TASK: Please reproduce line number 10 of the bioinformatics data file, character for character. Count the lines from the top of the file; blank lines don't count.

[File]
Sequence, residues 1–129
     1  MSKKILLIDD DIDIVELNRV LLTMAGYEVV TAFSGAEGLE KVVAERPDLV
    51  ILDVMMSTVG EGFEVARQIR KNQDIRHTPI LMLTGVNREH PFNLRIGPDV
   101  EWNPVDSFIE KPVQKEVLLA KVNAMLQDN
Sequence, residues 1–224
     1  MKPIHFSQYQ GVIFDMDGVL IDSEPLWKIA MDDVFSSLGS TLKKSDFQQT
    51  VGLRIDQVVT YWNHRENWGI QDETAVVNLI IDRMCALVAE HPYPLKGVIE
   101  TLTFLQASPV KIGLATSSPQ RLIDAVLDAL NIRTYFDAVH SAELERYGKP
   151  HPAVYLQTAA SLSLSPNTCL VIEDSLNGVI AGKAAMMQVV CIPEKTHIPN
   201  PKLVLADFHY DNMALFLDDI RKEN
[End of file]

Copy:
   201  PKLVLADFHY DNMALFLDDI RKEN